“For the Las Vegas portraits, I was working with three assistants and four prearranged sets built in an unused kitchen in a casino. That was expensive — I was paying for everything myself. But it was very efficient. I started the project after completing a really classic black-and-white project on Morocco. So I wanted the Las Vegas project to be very different — color, more impressionistic. And that sort of dictated how I did the portraits.
“I was shooting mostly with a 4×5 camera, and occasionally my Hasselblad. I’m a bit old school, and I believe in film for this sort of work. Working with a 4×5 and a digital back has a delay. And with portraiture you need absolute control; you need to capture the moment you want. You can’t have the subject look at you with an expression that says, ‘Are you ready yet?’ That’s deadly.
“Getting the picture right has to do with much more than just where I put the lights. I’m known for a kind of technical expertise, but I’m not really a techy person. I worked early in my career to learn as much about light as possible so that I can go into a portrait session with someone and not spend my time fussing over it. It’s really about establishing a connection between me and my subject. A portrait is very emotional in this way.”
For more on Albert Watson’s portraits see The Charismatic Portrait, or Click Here for a gallery with his images.
“I spent months with the people in my Strangely Familiar series. I like to spend time with people, to try to have intimacy with them.
My photos are not like a documentary portrait; my interest is not social or topical. I want to think it’s more personal. It was important that I spend time with my subjects in their houses, away from the circus. I also use sensitive film so I can shoot with ambient light, because flash makes people less comfortable.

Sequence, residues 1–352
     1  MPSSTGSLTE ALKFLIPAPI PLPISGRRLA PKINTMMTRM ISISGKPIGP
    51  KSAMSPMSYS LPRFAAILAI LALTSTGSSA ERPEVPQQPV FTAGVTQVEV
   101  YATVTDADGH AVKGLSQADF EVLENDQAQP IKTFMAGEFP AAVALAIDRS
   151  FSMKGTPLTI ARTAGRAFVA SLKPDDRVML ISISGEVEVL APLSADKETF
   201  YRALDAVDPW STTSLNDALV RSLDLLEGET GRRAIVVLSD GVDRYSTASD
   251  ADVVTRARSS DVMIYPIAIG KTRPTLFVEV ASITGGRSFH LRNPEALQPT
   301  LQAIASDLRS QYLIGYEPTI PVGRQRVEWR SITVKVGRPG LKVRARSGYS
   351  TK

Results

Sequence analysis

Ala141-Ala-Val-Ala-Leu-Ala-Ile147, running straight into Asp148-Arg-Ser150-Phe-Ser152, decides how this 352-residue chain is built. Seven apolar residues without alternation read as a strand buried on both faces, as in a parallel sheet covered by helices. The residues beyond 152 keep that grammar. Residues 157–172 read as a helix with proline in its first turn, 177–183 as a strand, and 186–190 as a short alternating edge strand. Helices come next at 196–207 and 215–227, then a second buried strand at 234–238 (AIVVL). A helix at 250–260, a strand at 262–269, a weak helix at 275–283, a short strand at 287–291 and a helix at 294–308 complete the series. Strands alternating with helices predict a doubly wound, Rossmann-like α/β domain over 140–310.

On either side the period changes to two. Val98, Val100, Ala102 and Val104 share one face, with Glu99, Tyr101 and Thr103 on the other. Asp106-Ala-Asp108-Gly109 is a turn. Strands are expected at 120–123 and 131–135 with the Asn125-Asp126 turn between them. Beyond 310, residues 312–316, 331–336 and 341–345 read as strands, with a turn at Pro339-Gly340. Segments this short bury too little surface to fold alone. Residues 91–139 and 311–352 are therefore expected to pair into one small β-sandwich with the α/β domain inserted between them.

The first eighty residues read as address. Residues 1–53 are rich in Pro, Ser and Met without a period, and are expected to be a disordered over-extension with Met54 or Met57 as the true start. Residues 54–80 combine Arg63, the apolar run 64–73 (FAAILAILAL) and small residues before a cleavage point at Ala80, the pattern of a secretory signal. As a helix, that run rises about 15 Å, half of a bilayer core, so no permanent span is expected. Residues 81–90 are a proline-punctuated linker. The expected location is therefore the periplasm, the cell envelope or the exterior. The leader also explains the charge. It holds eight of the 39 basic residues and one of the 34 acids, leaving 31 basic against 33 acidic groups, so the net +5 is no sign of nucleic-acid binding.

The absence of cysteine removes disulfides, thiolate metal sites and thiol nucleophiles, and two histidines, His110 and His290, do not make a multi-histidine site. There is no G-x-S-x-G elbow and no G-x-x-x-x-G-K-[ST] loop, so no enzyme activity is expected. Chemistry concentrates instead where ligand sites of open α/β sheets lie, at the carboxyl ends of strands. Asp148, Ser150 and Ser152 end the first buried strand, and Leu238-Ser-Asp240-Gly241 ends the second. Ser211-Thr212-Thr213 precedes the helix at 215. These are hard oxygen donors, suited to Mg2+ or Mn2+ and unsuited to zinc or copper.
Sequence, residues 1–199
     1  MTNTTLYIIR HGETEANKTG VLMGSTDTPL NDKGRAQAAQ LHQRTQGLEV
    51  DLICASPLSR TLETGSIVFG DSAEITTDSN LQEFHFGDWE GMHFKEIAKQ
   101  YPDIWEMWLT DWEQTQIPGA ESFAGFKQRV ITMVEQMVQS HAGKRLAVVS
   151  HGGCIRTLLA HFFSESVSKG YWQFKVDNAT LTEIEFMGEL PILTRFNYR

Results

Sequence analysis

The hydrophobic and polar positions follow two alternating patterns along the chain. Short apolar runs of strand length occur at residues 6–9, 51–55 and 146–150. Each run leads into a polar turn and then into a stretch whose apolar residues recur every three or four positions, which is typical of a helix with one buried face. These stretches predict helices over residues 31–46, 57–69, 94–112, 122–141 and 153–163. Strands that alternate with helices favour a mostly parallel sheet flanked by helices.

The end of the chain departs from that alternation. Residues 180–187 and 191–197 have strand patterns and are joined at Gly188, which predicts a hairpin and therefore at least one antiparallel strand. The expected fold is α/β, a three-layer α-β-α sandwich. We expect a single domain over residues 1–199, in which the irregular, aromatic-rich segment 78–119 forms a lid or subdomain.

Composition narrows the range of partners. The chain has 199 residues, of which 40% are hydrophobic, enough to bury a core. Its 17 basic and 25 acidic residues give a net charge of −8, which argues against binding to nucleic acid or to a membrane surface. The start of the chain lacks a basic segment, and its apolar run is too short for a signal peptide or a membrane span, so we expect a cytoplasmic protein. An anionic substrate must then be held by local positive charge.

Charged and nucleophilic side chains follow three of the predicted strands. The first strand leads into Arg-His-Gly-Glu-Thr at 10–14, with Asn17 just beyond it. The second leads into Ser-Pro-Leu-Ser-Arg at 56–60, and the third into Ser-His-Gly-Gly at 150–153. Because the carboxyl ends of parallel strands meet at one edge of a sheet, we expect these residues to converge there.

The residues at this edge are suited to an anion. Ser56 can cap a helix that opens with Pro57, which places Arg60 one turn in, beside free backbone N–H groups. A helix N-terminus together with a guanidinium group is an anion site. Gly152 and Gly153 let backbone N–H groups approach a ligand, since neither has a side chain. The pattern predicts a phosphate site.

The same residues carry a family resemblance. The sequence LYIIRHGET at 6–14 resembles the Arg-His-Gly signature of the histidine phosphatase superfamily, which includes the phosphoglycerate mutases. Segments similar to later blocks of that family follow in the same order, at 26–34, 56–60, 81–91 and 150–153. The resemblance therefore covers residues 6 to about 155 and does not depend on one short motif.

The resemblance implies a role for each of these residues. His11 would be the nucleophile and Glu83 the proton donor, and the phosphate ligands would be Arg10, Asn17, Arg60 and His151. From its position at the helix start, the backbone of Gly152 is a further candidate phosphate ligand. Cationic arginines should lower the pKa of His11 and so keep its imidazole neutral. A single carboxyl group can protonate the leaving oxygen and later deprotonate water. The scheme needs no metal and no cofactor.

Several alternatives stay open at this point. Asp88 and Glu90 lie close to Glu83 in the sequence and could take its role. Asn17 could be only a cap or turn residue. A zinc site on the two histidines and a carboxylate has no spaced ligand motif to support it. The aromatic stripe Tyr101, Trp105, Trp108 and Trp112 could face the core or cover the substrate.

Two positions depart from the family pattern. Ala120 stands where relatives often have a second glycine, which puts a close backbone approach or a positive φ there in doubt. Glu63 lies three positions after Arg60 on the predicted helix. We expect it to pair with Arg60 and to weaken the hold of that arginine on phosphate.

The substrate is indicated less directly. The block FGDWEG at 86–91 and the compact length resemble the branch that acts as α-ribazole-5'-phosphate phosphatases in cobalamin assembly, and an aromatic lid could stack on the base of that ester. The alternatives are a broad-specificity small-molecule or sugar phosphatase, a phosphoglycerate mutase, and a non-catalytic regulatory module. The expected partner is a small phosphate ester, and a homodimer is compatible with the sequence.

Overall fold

“The circus performers didn’t understand why I didn’t focus on their technical skills or their acts, or why I would choose a particular person to photograph. They didn’t understand why we chose one girl, because she wasn’t the star of the group. But she has this amazing face; you look at her and you can tell yourself a story about her. I think sometimes it’s easier to work with children because they don’t have an awareness of how they are supposed to come out in a photograph, like which is their good side.”
For more on Michal Chelbin’s portraits see The High-Contrast Portrait, or Click Here for a gallery with her images.
“A successful portrait comes from having interest in and knowledge about a subject’s achievements, things that make them unique, and using that information to illustrate something about them and ‘tell a story’ in a photograph. I’ve often photographed people repeatedly over time, which I think is unusual: Rem Koolhaas, Frank Gehry, Jeff Koons, and my friend Yvonne Force, of whom I’ve made thousands of pictures. I also take a lot of ‘snapshots’ of the art world, which is a collection that’s accumulating into an abstracted, kind of echt-portrait of that world. You have to care about the people you are photographing and take the trouble to know them. The best portraits result from the intimacy and trust that you gain with them during the first photo session, and then over time.”
For more on Todd Eberle’s portraits see The Environmental Portrait, or Click Here for a gallery with his images.
“I usually work in medium format, with a Mamiya RZ67, and often I work in large format, with a 4×5 and also a big 8×10 camera. Yes, it’s harder to work that way; it’s more cumbersome. But there is something wonderful about what happens when you make portraits in 8×10. You get something… I guess I would describe it as more soulful. In terms of working with the big camera, it takes a lot of skill to make that big box disappear. What I mean is, to get the subject to forget that there’s this big thing in front of him or her.
“Whenever I start the process of photographing someone, I am always thinking, ‘What is it I can identify about them as creative individuals, and why now? What’s special about this moment?’
“Does a portrait reveal what someone’s inner self is like? Do you know what I believe? I believe that everyone wears a mask, and beneath that mask is another mask. So what a photographer can reveal are the various masks we all wear.”
For more on Matthew Rolston’s portraits see The Art of Collaboration, or Click Here for a gallery with his images.
“I am interested in individuals who wear their occupation, lifestyle, or region’s burden on their faces and bodies. For a lot of these people, asking to photograph them is a strange request, and they are pretty wary. But I show them my photographs and let them know there are all different kinds of people included in the project.